Foreign portfolio investors (FPIs) have pulled out a record $25 billion (₹2.07 lakh crore) from the Indian stock market over the trailing 12 months, capping the year-long sale by dumping equities worth ₹7,624 crore in September.
This year-long sale has negated the ₹1.96 lakh crore net inflows seen over 2020 and 2021. On a calendar year basis, the outflow for nine months stood at ₹1.68 lakh crore, an all-time high ever since foreign portfolio investors began investing in India. Over the past 15 years, besides 2022, the other three years of net outflows were: 2008 (₹52,987 crore), 2011 (₹2,714 crore) and 2018 (₹33,014 crore). In fact, the outflow of the current calendar year is nearly twice (1.9x) that of the cumulative outflow seen over 2008, 2011 and 2018.
The pull-out comes amid a decline in the Nifty by just 597 points from 17,691 to 17,094. However, during this period, the benchmark index hit a high of 18,308 in January 2022. Since then, the 50-stock index has been hitting new lows amid a sharp interest rate reversal in India and the US.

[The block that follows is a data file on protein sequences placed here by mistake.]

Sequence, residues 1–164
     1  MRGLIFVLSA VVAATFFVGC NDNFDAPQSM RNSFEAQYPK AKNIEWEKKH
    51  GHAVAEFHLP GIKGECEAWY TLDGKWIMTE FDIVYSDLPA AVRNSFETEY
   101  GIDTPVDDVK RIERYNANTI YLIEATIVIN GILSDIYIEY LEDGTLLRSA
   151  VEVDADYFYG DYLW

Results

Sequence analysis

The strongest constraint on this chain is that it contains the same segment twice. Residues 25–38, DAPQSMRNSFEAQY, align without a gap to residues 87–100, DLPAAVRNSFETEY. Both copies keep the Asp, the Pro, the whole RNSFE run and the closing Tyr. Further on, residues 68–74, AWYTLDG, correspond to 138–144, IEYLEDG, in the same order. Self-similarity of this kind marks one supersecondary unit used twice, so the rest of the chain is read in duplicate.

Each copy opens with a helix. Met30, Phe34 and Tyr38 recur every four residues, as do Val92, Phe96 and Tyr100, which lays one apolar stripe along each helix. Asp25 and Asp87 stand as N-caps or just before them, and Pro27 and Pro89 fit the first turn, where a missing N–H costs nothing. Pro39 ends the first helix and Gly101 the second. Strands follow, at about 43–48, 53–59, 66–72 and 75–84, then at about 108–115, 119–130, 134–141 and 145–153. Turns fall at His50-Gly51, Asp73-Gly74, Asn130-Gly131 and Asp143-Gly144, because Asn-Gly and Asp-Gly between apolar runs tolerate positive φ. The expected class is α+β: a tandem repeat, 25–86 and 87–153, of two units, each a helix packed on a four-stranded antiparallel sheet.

In fact, over the past 12 months, the selloff has accentuated the decline in the local currency, which fell nearly 10% from ₹74.255 (Oct 1, 2021) to ₹81.863 (Sept 30, 2022), as per data from the National Securities Depository.
Since October 2021, when the US Fed sounded the alarm bells and began embarking on rate tightening spree, rising yields back home have prompted foreign investors to seek the safety of the dollar even as India had to grapple with the fallout of a fiery inflation, led by a spike in crude oil prices. But more than India, inflationary pressures in the US – for the first time in 40 years – have resulted in the Fed reversing its easy money policy.
The only two months when FPIs bought Indian stocks was July and August of 2022, resulting in a combined inflow of ₹56,193 crore. The remaining 10 months saw cumulative outflow of ₹2,07,310 crore. In fact, foreign investors have already incurred a loss of 3.5% on the investment made in the two months as the currency fell from ₹78.942 (July 1) to ₹81.863 as of September 30.
Given that the dollar index is hovering around 112 and the US 10-year bond yield – seen as a global benchmark for debt – is trading above 3.78%, foreign investors are unlikely to rush back to Indian equities. With the US Fed unlikely to relent on its rate tightening spree, the last quarter of the year will be decisive in determining which way the numbers will swing.
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